It does not mean they are not worth trying; it means they will be fights against entrenched power.
If you take a small plane from Queenstown to Stewart Island on a clear day you have about as vivid an illustration of the difficulty of Green policy.
Lifting off in a diagonal line above Queenstown airport where streams of private helicopters ferry the elite to high snowy plateaux above the Remarkables about one every 8 minutes in season, one then travels at about 5000 feet over the least affordable real estate in New Zealand with a median price of $1.5m and rising no matter what the rest of NZ does. It is some of the most concentrated wealth in New Zealand.
The foothills of the Remarkables around Jack’s Point show woven squares of further suburbs formed in which house and land packages are indeed remarkable couples who when asked ‘how do you sleep among such inequality’ may note that they sleep with deep underfloor heating under sustainably hunted multi-thousand fur duvets beside a partner whose beauty would make you weep with desire.
This radiating economic power of Queenstown airport now extends south to Kingston.
Beyond Garston the great plains of Southland have some of the most concentrated dairy production on earth. The land around Winton from 5500 feet shows just a few remaining wetlands from the tens of thousands of hectares that were there just 159 years ago. Four of the Greens’ hardest policies hit here:
“Introduce a price on agricultural emissions …
“Increase support for farmers to transition to more sustainable forms of agricultural production through finance mechanisms …
“Phase out synthetic nitrogien fertiliser use in Aotearoa … and
“Ban palm kernel expeller and ensure all supplementary feed is sustainably sourced …
The remaining inland patches are fenced enclaves rapidly drained no matter the occasional prosecution. Somewhere in here the Greens will be faced with their commitment to “doubling the extent of natural wetlands by 2050, including helping landowners identify where wetlands can be restored to provide nature-based solutions to flooding.”
Heroic exceptions, exceptions they are, in a land scraped of native fish, fowl or flora.
Even travelling that high one can see at Invercargill and Bluff no signs of wealth. Just specific massive dairy and smelter factories, the occasional ship to its port. Steam and smoke pushing out the commodities that drive Southland’s highest salaries and strongest exports, against which Invercargill governance has no time for PC partnership bull.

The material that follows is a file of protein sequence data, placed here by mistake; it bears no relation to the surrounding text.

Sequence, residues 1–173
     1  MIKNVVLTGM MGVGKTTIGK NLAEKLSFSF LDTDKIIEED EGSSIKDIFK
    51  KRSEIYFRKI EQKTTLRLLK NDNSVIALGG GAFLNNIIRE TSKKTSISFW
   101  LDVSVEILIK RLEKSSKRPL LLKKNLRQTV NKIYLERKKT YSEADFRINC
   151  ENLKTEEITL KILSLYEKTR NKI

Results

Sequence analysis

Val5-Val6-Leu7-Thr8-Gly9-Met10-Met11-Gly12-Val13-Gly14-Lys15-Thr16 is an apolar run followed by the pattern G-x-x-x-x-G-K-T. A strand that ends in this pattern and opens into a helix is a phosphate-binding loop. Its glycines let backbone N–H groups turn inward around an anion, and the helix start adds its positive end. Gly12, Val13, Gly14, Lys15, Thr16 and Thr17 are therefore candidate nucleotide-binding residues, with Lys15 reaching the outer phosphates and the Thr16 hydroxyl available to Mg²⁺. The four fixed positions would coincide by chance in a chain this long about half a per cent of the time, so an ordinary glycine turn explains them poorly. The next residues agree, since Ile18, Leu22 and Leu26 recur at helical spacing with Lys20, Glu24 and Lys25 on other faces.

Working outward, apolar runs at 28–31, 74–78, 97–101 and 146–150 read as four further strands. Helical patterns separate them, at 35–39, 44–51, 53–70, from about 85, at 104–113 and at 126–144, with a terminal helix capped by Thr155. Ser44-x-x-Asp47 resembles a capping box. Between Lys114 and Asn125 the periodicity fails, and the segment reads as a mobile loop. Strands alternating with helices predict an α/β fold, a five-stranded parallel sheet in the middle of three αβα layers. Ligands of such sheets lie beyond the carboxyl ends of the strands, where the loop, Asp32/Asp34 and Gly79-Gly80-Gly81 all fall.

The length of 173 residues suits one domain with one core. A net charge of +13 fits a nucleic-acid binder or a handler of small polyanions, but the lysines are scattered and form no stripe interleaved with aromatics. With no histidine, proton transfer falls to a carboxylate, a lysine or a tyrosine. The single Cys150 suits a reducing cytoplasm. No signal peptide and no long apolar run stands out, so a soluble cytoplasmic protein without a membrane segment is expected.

Restoration around heavy industry has really only begun as an idea, after 60 years.
Landing at Stewart Island’s privately owned airstrip you can see in the circling descent one of the final Rimu+Totara forests we still have in any scale. On the Oban noticeboard there are dozens of separate conservation initiatives but no detectable unity across them. The path towards success will take generations to complete.
With deer on Stewart Island ‘managed’ as they are in Fiordland, the Green policy is to “increase funding and support for the Predator Free 2050 goal, weed and pest control, including for Raukumara Pae Maunga, and ensure conservations values guide control of browsing species such as deer and tahr.” It is uncomfortable whether in Te Anau, Wanaka, Queenstown or Winton to see the number of gun racks on Ford Rangers with bumper stickers asserting their right to hunt deer of all kinds.
Only finally at Ulva Island inside Stewart Island’s sounds does one get a small respite from human chaos and that is where you can get whole flocks of Brown Creeper or Pipipi, Weka by the dozen in the beach chasing each other for beaks of silver flounder, Kaka stumbling and crashing low branch to ground and back, seals flapping and grunting on the forest path in front of you. Frankly if you have made it there you are of an elite few anyway.
On Halfmoon Bay there’s the difficult tension of extractive fishing, Paua far too expensive at $120+ a kilo to ever make it to the local 4 Square, tour operators waiting for the season, and a museum stacked with a mausoleum of clubbing seals and boiling whales to near extinction.
In a straight flight distance of 230 kilometres you pass over distinct boundaries of expanding international leisure capital, elite real estate capital, entrenched dairy and factory agribusiness, and deep into the south’s disaggregated conservation embedded into complex whakapapa intermarried over 230 years.
Across those three delineated zones lies both New Zealand society and New Zealand’s economy. Each of them have their booms and busts, each with clear mechanisms operating well beyond the grasp of public policy emanating from the centre.
I like all of these Green policies. A flight across Southland says they are going to make 3 Waters look like a walk in the park.